If there is one certainty, it’s that we live in uncertain times.
Markets ebb and flow, work priorities shift, staff come and go, and you could be transferred or reassigned. Leaders today are bombarded with roadblocks, setbacks, letdowns, rejections, and failed attempts at success. The question then is not how can we avoid stress and difficult situations, but how do we face it, overcome it and recover?
Resilience is a business and organizational issue that appears to be in high demand, if sustainability or growth is the vision. However, more often we think of resilience from a personal perspective. We picture an individual who has had a mental or physical setback or has personally gone through a traumatic experience. We don’t usually think of a leader who went through an incredibly tough year in the workplace and grew to be a better leader because of the experience. Although personal resilience is important for a leader, it is also a key element of effective leadership.
Development of resilience within an organization comes by leading others through difficult times. It is during such challenges staff teams rely on the strength and composure of their leader to keep them focused on goals at hand. Leadership, in times of trouble, shouldn’t reflect on the negativity of the situation surrounding the team but should seek out the necessary support required to overcome staff concerns by listening and being actively supportive.
A great leader addresses the current resilience level of the organization or the people on their team. They know the signs, when a team member has a low resilience battery and know the environment needed for that person to charge their battery. Consider opening meetings with discussion on the current battery level among your team or the one you are leading. This can help you understand what puts them under perceived stress, when it is time to let off the gas a bit or when you can push a little harder. This happens in high-performance sports all the time. You may want to push an athlete harder but if they are close to breaking, you can wind up in a heap of trouble. Great coaches know each athlete individually and when a break is needed. They also know what kind of break each member needs, and foster the skill that can charge the battery.
People who can’t handle a fast pace or uncertainty will not perform at their best. We know stress lowers productivity and increases health problems so when people in leadership roles are angry, reactive, or anxious, it will set the tone for how other team members interact. It is important to practise what they preach. You most likely are a “booster” which means when your team members are feeling depleted they are going to feed off your energy. This means you have to be the most conscious of this. You, as a leader, need to look after your resilience and know what keeps your battery topped up.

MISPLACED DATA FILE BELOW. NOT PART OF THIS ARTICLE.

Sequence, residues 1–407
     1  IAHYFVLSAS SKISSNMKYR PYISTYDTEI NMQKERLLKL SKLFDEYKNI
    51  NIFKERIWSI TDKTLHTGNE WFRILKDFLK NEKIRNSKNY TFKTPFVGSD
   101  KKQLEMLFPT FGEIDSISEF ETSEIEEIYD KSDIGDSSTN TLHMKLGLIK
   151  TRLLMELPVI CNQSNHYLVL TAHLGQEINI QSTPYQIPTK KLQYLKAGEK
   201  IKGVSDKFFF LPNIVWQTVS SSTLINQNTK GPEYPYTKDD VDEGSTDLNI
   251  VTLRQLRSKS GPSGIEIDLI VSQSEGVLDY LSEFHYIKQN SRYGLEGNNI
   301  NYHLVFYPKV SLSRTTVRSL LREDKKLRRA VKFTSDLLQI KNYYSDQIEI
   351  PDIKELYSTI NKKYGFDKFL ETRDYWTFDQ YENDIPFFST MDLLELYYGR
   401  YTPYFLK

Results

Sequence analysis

A resilient leader is a person who sees failure as a temporary setback, a learning opportunity, who sees “no” as one step closer to “yes.” Resilient leaders can maintain a positive outlook, a growth mindset and also see periods of discourse or turbulence as opportunities to shape change.
Many studies have indicated the importance of resilience as both an individual and leadership trait. Within organizations resilient leaders are perceived more positively. Getting through difficult times shows where you’ve been and, more importantly, what you are capable of. Seeing opportunity in every struggle shows one’s ability to work through hard times, and indicates there is a lesson to be learned from our failures.
Key enabling behaviours help leaders demonstrate their resilience to others and serve as a model for those around them. Being able to communicate effectively helps others understand changes, new expectations and new directions. Being open to feedback – and asking for feedback willingly – shows a desire to continuously improve. Being able to build positive and trusting relationships, taking risk, being decisive, championing change and developing others are all characteristics of resilient leaders. Choosing to improve even a few of these competencies will help develop your leadership abilities and resilience, and you will be viewed by others as more resilient.